Pitch Perfect

Create a game that will test the player's pitch


  • 1 x BBC micro:bit
  • 1 x Tinkercademy Breakout Board
  • 1 x Micro USB cable
  • 1 x Buzzer
  • 1 x ADKeypad
  • 1 x OLED display
  • 2 x F-F Jumper Wires

Looking for parts to make this?


We're going to create a game that will test the player's pitch. The micro:bit will play various notes and the player has to press the correct button on the ADKeypad corresponding to the note played.


Connecting the Components

(a) Slot the micro:bit into Tinkercademy breakout board.

(b) Connect the external components to the Tinkercademy breakout board.

• Using 2 F-F jumper wires, connect the ‘+’ end of the buzzer to the yellow signal (S) pin, and ‘-’ end to the black ground (G) pin.

• Connect the ADKeypad to pin1. Match the colours of the wires to that on the breakout board pins.
• Insert the OLED display into the I2C pinouts. Any row will do.


  • 1 x BBC micro:bit
  • 1 x Tinkercademy Breakout Board
  • 1 x Buzzer
  • 1 x ADKeypad
  • 1 x OLED display
  • 2 x F-F Jumper Wires


Importing Tinkercademy Extension

To detect button presses on the ADKeypad and display messages on the OLED, we need to import a special package in MakeCode.

(a) Click on the ‘Advanced’ drawer, select 'Extensions'.

(b) Search ‘tinkercademy’ and click 'tinkercademy-tinker-kit' to import the Tinkercademy extension. You will see 2 new drawers - ‘OLED’ and ‘Tinkercademy’.

(c) You’ll need to re-import the extension again for new projects in the future.


On Start

(a) Initialise the OLED screen to run it in its proper sizing.

(b) Store the player's score in a variable 'score', and set it to 0 at the start.

(c) On the OLED screen,
• Show the name of the game, 'Pitch Perfect'
• Show a starting instruction

(d) For (c), make sure to use the 'OLED' drawer blocks (not 'Basic’, which will scroll past on the micro:bit LEDs one word at a time).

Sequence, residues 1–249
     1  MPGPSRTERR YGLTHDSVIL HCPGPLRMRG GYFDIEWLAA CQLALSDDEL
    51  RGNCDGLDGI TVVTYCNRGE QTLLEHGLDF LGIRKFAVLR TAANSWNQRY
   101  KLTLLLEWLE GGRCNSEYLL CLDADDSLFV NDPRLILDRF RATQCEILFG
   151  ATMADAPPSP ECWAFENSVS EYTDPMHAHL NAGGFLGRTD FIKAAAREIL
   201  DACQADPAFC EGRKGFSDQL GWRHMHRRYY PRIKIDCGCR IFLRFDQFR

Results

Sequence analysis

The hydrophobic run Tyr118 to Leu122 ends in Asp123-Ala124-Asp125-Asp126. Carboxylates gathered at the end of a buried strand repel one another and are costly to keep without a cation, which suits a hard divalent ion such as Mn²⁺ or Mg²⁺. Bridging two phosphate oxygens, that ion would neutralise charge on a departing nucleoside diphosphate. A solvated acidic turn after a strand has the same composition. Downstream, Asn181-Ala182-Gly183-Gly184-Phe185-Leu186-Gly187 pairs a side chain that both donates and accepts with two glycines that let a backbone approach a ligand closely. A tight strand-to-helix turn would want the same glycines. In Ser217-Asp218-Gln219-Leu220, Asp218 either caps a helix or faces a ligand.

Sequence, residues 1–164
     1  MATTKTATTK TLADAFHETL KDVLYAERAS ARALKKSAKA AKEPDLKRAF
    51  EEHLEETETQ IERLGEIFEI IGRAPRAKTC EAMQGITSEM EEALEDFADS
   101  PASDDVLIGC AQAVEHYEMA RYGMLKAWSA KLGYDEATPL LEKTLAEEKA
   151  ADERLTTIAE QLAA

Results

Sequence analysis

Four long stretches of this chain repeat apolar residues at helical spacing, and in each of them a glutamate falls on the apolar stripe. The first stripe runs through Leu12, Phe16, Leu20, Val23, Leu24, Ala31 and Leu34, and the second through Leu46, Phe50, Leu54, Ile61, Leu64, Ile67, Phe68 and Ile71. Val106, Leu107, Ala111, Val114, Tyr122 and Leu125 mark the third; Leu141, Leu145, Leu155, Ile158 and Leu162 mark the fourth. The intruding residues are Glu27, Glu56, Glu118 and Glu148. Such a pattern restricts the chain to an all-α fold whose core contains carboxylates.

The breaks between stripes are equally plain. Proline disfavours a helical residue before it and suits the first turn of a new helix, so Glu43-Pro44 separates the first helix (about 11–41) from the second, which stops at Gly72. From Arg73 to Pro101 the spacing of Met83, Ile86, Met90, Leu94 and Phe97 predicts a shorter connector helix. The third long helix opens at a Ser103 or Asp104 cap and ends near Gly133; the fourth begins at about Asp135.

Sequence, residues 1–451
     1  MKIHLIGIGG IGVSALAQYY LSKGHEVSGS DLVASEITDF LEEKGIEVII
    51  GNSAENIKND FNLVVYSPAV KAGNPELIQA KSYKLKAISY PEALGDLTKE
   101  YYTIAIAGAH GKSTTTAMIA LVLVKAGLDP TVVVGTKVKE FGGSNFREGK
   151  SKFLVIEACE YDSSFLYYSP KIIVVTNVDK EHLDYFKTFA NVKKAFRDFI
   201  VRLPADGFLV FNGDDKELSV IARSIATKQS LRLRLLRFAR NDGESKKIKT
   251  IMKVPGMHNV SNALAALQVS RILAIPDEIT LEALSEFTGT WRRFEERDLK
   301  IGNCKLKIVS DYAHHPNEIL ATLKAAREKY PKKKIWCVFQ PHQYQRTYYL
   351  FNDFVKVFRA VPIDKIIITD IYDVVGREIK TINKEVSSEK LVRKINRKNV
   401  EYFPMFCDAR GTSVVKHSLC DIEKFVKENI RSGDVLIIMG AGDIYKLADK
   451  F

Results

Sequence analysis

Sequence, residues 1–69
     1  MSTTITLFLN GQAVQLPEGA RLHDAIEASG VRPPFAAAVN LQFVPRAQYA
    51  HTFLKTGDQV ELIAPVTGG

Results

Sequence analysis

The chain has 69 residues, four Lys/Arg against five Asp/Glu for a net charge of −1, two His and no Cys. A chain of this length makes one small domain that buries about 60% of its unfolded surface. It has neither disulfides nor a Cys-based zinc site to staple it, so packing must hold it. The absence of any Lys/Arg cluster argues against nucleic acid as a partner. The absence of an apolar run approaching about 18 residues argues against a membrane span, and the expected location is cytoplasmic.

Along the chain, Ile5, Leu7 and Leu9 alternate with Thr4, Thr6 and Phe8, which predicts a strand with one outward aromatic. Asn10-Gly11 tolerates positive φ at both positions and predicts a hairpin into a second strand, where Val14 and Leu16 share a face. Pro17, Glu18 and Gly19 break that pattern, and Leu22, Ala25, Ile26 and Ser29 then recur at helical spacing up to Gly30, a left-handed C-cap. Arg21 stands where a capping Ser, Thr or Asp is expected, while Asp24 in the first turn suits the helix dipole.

If Key A is Pressed

(a) When 'A' on the ADKeypad is pressed, brief the player about the game first.

(b) We'll do this in an if-then statement. This is a conditional, everything under this block runs only when the condition is fulfilled, ie. A is pressed.

(c) Add this conditional under a 'forever' loop so the program forever checks if A is pressed.

(d) Clear the OLED display before displaying this set of instructions.

(e) Pause for 8000ms (8s) to let the user read.


Introducing the Pitches
Now, let's introduce the player the different notes and corresponding buttons to press on the ADKeypad.
(a) Show the note (eg. C) on the micro:bit LEDs.

(b) Play the note for 4 beats.

(c) On the OLED, let the user know which note this is, and the ADKeypad button they should press.

(d) Pause 4000ms (4s) for the player to remember this.

(e) Do this 3 times, for all 3 notes (C, D, E).


Game Start
Adding on below the last pause block in step 5:

(a) Clear the OLED screen display.

(b) Create a countdown before the game starts!

(c) And the game starts! Let’s play each note and let the player guess. For each note,
• Clear the OLED display
• Show a message (eg. Note #1) and provide instructions
• Show an icon on the micro:bit - feel free to customize this with anything!
• Play the note for 4 beats


(a) From 'Advanced' > 'Functions' drawer, create 2 functions (correctButton, wrongButton), to store what should be done if the player presses the correct and wrong button on the ADKeypad respectively.

(b) If the player presses the correct button (C in this case), call correctButton, ie:
• increase ‘score’ by 1
• pause
• show tick icon

(c) Else, call wrongButton, ie:
• don’t add to ‘score’
• pause
• show cross icon

(d) Pause before (b), to give the player time to register the note played.


More Notes

Now, let’s add more notes for the player to guess!

(a) Simply repeat steps 6(c) and 7(b) to 7(d) , but with ‘D’ and ‘E’ notes this time.

(b) As there are a few conditional statements here, be careful which conditional statement you add the blocks too.


Final Screen

(a) When the player has finished, pause and clear the OLED screen.

(b) Play happy music and show a smiley icon to congratulate the player. Playing the music 'once in background' allows the rest of the code to run without waiting for the music to end.

(c) Display the player's final ‘score’ on the OLED screen.



(a) Don’t forget to plug a micro USB cable from your laptop to the top of your micro:bit, and click ‘Download’ to download the code to your micro:bit.

(b) You’ve completed your Pitch Perfect game, have fun playing!

(c) We hope you’ve learnt more about using and controlling external components, as well as conditional statements and functions.

(d) You can also add more notes or add a restart button function to allow the player unlimited tries!

Code and References

Made this activity? Good Job! Now spread the word. Share a photo of your creation on social media with #letsgethacking #PitchPerfect